Aesthetic and minimalist design – Nielsen’s Heuristic with example

Our brain can only process limited information at a time. The aesthetic and minimalist design is important to deal with this limitation.

Sometimes, the interface is too cluttered with a lack of hierarchy. Which makes it very difficult for us to focus or function properly.

The aesthetic and minimalist design is the eighth guideline of Nielsen’s Heuristics which is a great way to do Heuristic Evaluations.

As put in Nielsen’s words,

Dialogues should not contain information which is irrelevant or rarely needed. Every extra unit of information in a dialogue competes with the relevant units of information and diminishes their relative visibility. read here

 

Cluttered website shows a bad example of aesthetic and minimalist design

 

Some interfaces are aesthetically pleasant and relevant. These enable quicker actions and increases the efficiency of the users.

Ways to ensure Aesthetic and minimalist design

1. Show only relevant things

Medium – the blogging platform is a great example of this heuristic. It is essentially like a blank piece of paper and if you need to add anything beyond text, you just need to click on the + sign which again is the universal sign for adding something.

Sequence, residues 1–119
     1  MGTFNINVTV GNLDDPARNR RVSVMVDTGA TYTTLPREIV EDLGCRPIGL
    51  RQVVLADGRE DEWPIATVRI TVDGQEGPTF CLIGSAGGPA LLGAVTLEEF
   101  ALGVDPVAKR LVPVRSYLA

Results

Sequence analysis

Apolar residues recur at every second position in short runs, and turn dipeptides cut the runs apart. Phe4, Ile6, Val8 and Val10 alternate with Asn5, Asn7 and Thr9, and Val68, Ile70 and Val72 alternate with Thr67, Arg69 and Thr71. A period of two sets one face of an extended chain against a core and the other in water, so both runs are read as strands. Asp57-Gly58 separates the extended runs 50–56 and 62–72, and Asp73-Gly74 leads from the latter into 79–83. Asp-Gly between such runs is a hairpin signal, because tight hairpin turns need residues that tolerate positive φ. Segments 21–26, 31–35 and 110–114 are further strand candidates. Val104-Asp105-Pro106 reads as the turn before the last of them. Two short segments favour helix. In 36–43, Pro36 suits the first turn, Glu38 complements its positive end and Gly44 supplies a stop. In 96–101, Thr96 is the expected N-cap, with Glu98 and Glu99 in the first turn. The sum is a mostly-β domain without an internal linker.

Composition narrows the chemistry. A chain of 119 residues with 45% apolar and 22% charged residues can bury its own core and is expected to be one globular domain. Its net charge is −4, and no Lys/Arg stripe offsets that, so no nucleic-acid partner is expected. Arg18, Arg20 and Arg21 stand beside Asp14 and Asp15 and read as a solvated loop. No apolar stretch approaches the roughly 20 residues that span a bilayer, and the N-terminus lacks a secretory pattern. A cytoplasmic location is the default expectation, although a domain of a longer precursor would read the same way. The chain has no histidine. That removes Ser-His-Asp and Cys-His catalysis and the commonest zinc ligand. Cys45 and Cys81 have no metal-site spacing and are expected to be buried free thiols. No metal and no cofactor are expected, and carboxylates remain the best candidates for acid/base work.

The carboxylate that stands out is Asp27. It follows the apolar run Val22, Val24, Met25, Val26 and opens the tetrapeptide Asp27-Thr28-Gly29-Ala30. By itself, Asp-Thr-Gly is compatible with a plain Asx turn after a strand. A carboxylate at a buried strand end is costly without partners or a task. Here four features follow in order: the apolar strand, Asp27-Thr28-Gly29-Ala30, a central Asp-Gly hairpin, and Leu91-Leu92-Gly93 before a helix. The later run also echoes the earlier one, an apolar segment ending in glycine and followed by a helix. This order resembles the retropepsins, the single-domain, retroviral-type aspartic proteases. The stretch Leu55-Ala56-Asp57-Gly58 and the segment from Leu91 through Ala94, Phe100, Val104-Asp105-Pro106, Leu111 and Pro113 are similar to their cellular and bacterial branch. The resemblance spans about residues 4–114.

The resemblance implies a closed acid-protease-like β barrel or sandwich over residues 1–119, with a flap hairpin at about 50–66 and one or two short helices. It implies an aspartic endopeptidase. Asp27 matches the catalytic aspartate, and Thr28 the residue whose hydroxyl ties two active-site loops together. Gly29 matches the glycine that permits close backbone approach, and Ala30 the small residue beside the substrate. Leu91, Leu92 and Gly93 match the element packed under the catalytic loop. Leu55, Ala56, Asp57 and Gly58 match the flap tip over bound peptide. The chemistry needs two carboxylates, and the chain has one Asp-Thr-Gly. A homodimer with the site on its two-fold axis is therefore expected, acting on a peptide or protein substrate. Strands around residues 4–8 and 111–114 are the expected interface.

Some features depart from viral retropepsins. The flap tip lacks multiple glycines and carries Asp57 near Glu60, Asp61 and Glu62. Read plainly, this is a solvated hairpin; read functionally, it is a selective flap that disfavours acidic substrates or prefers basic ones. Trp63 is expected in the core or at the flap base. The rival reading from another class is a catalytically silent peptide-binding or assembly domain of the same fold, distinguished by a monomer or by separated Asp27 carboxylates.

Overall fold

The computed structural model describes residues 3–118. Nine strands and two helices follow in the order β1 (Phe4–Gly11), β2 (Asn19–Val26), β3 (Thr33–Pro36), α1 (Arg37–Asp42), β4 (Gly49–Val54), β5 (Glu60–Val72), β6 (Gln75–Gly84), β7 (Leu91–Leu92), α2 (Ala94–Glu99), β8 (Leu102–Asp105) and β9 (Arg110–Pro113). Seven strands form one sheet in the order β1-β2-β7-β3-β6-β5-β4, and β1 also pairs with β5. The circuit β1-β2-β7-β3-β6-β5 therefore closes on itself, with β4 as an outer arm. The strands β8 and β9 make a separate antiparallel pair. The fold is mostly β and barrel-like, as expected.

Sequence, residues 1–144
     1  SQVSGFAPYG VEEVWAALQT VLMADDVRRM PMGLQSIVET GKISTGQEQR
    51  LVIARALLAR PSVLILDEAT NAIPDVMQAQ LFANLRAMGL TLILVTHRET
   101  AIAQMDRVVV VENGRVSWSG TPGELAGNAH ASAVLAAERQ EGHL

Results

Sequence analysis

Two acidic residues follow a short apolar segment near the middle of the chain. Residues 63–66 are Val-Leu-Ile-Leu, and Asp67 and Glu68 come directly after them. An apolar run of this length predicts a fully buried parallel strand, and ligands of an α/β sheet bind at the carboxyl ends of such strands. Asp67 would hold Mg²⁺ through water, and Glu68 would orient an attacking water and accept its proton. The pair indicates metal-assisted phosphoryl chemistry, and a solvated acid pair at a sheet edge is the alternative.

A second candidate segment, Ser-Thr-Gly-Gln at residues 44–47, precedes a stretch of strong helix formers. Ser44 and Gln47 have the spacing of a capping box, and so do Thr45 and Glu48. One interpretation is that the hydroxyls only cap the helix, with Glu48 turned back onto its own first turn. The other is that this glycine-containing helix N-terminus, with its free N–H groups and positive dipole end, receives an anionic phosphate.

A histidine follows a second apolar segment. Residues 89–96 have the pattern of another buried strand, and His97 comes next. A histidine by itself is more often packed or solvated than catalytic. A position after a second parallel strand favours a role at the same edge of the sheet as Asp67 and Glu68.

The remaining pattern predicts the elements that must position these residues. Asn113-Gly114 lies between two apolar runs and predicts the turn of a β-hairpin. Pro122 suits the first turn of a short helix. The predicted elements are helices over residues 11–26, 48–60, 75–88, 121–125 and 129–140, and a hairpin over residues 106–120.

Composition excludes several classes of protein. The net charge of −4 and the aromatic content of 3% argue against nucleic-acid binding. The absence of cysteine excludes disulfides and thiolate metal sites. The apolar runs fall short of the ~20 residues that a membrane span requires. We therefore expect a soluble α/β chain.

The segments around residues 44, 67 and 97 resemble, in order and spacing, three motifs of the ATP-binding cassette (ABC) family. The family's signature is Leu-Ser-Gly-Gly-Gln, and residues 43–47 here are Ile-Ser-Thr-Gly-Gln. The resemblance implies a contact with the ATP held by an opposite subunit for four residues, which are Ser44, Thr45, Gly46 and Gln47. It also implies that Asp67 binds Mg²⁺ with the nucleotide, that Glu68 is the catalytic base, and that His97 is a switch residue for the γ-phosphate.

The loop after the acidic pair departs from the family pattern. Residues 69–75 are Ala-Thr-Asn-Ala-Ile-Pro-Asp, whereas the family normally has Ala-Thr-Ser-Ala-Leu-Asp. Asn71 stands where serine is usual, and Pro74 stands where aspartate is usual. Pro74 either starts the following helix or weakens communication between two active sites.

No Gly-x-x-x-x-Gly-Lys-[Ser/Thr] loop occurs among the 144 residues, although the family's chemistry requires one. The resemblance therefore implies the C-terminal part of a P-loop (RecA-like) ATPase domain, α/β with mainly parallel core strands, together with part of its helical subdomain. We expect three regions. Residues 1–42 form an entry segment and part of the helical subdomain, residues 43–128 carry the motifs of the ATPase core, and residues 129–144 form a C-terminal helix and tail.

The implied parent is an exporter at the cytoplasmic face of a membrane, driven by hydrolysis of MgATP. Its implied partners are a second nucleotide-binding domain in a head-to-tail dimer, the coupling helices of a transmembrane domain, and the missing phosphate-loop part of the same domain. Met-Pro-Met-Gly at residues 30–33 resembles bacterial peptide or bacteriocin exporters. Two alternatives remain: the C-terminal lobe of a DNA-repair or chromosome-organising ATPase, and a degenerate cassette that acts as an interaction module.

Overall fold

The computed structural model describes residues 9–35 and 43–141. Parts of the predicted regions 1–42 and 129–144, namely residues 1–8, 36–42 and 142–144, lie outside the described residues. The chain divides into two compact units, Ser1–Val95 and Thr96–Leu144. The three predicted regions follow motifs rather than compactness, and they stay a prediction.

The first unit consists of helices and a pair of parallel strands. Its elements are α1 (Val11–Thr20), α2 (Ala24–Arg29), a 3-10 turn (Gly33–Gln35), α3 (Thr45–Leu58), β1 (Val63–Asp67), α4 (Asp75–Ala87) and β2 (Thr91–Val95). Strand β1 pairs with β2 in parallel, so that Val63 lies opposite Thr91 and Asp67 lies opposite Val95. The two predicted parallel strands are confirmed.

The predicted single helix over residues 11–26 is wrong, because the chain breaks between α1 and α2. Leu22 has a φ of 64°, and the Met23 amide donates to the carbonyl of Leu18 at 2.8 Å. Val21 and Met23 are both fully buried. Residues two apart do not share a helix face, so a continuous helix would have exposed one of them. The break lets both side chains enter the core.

It is distraction free and you only see what is relevant for you to write.

Removing content may seem like the best way out even though it is not always the right approach.

Want an in-depth understanding of Nielsen’s Heuristics?

Not a fan of reading? Learn the UX Guidelines and methods that you can use and learn to instantly improve usability of your website, apps or software in this Udemy Course.

2. Maintain hierarchy

If you have created something that needs a lot of content, think of ways to organize it in proper hierarchy and sections. This is an important concept of aesthetic and minimalist design.

The websites like Atlassian and Stripe are the perfect examples. They have a lot of aesthetically placed content.


Trello which is an office productivity tools uses cards really well. Each card has within it a lot of information.

But on the dashboard, the user only sees the high-level information.

3. Keep “Above the fold” in mind

The term Above the fold came from conventional printing.

Like the front-page of the newspaper, it is the most important real estate in your interface.

Since most users will see this part, it’s important to keep only the most important things in this section.

In case of a website, Above the fold is the portion of the page visible without any scrolling.

Although, with changing user behavior, above the fold is not as relevant today.

But it’s still good to keep it in mind and show only the most important things above the fold.

4. Get rid of the extra mass

Extra mass is created by

  1. Features that are rarely used
  2. Copy that can be shrunk without losing the meaning
  3. Irrelevant images
  4. Redundant features

Remember only a fraction of things is useful on your page.

Always ask yourself that if there is one thing that you can remove from your interface, what will it be?

Conclusion

So, what is one application, software or website you feel is a great example of aesthetic and minimalist design?

 

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